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It’s been 10 years since Apple Inc. unleashed a surge of innovation that upended the mobile phone industry. Electric cars, with a little help from ride-hailing and self-driving technology, could be about to pull the same trick on Big Oil.

The rise of Tesla Inc. and its rivals could be turbocharged by complementary services from Uber Technologies Inc. and Alphabet Inc.’s Waymo unit, just as the iPhone rode the app economy and fast mobile internet to decimate mobile phone giants like Nokia Oyj.

The culmination of these technologies autonomous electric cars available on demand could transform how people travel and confound predictions that battery-powered vehicles will have a limited impact on oil demand in the coming decades.

“Electric cars on their own may not add up to much,” David Eyton, head of technology at London-based oil giant BP Plc, said in an interview. “But when you add in car sharing, ride pooling, the numbers can get significantly greater.”

Most forecasters see the shift away from oil in transport as an incremental process guided by slow improvements in the cost and capacity of batteries and progressive tightening of emissions standards. But big economic shifts are rarely that straightforward, said Tim Harford, the economist behind a book and BBC radio series on historic innovations that disrupted the economy.

“These things are a lot more complicated,” he said. Rather than electric motors gradually replacing internal combustion engines within the existing model, there’s probably going to be “some degree of systemic change.”

That’s what happened 10 years ago. The iPhone didn’t just offer people a new way to make phone calls; it created an entirely new economy for multibillion-dollar companies like Angry Birds maker Rovio Entertainment Oy or WhatsApp Inc. The fundamental nature of the mobile phone business changed and incumbents like Nokia and BlackBerry Ltd. were replaced by Apple and makers of Android handsets like Samsung Electronics Co. Ltd.

Today, as Elon Musk’s Tesla and established automakers like General Motors Co. are striving to make their electric cars desirable consumer products, companies like Uber and Lyft Inc. are turning transport into an on-demand service and Waymo is testing fully autonomous vehicles on the streets of California and Arizona.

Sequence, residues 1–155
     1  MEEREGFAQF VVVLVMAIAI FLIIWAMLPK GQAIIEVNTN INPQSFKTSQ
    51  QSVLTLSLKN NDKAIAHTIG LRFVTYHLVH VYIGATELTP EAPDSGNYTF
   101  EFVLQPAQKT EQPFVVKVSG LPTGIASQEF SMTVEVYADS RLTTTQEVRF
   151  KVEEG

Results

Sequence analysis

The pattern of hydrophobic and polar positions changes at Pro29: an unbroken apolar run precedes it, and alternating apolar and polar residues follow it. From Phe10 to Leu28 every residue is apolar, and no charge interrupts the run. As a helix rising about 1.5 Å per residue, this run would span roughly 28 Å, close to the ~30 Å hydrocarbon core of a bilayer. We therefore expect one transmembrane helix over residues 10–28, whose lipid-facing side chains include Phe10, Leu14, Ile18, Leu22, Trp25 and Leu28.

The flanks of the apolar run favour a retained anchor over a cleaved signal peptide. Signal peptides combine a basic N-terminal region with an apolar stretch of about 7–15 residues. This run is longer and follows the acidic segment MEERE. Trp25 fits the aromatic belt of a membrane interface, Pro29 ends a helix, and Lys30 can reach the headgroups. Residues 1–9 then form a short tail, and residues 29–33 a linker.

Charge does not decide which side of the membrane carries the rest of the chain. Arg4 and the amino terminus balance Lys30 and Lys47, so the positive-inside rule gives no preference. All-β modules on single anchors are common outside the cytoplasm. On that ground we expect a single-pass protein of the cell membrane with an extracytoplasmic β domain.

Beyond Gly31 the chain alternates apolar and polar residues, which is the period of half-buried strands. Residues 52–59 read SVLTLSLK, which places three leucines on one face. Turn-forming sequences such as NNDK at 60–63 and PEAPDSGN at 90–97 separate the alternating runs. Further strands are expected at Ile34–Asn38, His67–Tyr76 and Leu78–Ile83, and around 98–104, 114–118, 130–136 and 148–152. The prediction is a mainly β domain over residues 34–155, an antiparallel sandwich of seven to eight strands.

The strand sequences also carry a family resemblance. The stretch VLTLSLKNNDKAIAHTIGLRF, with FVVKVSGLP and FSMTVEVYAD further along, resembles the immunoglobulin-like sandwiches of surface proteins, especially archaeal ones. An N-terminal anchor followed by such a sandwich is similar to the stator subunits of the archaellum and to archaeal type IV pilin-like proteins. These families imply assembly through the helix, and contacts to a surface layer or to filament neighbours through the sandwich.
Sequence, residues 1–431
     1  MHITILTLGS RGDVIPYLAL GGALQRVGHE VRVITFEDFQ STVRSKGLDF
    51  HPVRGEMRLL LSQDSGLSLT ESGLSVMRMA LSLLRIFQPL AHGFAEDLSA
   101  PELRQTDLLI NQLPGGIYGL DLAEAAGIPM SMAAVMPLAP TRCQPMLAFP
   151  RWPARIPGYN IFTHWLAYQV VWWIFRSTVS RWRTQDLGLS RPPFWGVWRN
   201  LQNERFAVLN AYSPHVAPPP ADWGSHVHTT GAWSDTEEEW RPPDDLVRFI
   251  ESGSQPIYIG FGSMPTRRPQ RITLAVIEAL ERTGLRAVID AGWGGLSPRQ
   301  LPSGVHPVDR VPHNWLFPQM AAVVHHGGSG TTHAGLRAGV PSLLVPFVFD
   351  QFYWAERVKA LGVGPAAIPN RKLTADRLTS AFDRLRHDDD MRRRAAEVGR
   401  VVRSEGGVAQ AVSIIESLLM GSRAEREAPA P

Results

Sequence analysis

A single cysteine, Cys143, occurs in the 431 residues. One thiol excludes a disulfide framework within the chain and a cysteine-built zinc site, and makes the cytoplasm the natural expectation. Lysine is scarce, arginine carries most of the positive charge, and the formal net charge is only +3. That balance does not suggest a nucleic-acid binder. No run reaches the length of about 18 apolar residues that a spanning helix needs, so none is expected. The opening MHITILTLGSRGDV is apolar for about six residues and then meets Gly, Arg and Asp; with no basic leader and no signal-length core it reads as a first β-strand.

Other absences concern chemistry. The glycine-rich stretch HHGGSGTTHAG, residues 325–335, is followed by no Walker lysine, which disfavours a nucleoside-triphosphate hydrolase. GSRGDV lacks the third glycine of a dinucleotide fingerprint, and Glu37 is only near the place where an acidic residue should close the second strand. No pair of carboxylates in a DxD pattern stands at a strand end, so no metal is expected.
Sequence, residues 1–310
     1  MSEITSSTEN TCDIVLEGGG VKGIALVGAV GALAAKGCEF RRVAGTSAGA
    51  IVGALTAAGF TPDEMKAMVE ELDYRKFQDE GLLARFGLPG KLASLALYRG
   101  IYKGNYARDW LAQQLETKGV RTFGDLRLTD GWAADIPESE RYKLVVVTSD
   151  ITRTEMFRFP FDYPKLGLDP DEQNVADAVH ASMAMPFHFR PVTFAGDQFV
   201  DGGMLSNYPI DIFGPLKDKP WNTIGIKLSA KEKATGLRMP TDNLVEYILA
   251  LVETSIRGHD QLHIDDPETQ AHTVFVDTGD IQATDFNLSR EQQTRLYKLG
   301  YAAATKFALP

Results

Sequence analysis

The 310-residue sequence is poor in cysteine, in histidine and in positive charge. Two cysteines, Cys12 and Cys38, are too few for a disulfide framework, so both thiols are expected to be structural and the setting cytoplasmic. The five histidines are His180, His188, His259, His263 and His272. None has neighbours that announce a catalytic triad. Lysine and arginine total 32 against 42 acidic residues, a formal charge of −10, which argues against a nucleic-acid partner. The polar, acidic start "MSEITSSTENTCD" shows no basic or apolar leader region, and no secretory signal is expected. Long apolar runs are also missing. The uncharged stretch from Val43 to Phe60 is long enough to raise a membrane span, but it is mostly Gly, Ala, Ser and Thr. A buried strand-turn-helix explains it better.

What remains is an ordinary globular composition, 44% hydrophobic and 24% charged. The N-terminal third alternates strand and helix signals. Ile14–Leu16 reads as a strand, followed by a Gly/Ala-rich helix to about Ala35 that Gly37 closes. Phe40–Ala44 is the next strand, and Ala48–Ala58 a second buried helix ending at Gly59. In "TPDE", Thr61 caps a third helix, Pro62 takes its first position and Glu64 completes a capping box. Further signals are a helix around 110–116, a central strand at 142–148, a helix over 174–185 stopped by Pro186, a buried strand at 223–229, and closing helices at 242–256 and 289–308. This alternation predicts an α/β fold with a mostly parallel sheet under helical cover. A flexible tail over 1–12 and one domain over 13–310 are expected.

Combine all three, for example through an Alphabet investment in Lyft, and you have a new model of transport as a service that would be a cheap and compelling alternative to traditional car ownership, according to RethinkX, a think tank that analyzes technology-driven disruption.

One key advantage of electric cars is the lack of mechanical complexity,which makes them more suitable for the heavy use allowed by driverless technology, Francesco Starace, chief executive officer of Enel SpA, Italy’s largest utility, said in an interview. “I don’t see driverless being pushed into internal combustion engine” vehicles, he said.

After disassembling General Motors’s Chevrolet Bolt, UBS Group AG concluded it required almost no maintenance, with the electric motor having just three moving parts compared with 133 in a four-cylinder internal combustion engine.

“Competitiveness very much depends on the utilization of the car,” Laszlo Varro, chief economist at the International Energy Agency, said in an interview. The average Uber vehicle covers a third more distance than the typical middle-class family car in Europe, amplifying the benefit of lower running costs to the point that “the oil price at which it makes sense to switch to electric is $30 per barrel lower,” he said.

The total cost of ownership of electric and oil-fueled vehicles will reach parity in 2020 for shared-mobility fleets, five years earlier than for individually-owned vehicles, according to Bloomberg New Energy Finance.

The transition to fully autonomous fleets may not match the speed of the smartphone revolution because of the many regulatory, legal, ethical and behavioral hurdles. Self-driving technology should become available in the 2020s, but won’t be widely adopted until 2030, BNEF says.

The sheer breadth of the potential disruption makes it hard to predict what will happen. When Steve Jobs unveiled the iPhone, few people anticipated that it meant trouble for makers of everything from cameras to chewing gum.

“The smartphone and its apps made new business models possible,” said Tony Seba, a Stanford University economist and one of the founders of RethinkX. “The mix of sharing, electric and driverless cars could disrupt everything from parking to insurance, oil demand and retail.”

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